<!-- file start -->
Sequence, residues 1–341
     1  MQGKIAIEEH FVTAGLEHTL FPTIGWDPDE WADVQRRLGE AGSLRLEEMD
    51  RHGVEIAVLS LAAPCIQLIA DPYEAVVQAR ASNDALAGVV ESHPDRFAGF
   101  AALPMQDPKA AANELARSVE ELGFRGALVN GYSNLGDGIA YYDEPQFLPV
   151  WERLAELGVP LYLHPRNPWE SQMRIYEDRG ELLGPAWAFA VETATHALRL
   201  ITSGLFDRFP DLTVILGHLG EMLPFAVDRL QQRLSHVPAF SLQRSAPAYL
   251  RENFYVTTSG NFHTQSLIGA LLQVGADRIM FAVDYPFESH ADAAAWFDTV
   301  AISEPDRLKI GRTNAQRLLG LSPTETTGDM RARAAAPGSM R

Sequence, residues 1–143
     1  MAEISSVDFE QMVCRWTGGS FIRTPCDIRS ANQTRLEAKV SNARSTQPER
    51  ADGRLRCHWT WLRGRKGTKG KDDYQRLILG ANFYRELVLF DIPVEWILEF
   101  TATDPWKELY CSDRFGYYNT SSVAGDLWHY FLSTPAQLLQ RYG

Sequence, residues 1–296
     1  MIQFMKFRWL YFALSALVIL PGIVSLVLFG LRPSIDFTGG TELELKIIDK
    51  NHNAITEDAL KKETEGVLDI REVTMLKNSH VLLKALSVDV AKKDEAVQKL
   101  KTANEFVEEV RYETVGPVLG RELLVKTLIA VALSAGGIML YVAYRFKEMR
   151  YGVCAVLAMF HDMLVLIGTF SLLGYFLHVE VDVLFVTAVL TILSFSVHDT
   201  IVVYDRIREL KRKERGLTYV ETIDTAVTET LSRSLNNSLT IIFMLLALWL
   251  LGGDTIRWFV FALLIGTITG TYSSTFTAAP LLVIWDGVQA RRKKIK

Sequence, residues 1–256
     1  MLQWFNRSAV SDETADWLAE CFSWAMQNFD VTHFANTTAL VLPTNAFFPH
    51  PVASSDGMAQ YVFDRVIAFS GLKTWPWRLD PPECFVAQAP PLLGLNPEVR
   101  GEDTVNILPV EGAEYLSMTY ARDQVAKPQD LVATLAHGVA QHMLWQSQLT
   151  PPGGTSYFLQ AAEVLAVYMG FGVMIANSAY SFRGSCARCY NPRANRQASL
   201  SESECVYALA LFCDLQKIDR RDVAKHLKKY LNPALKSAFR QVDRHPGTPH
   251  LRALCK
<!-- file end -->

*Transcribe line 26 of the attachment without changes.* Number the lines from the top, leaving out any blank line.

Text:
   251  LRALCK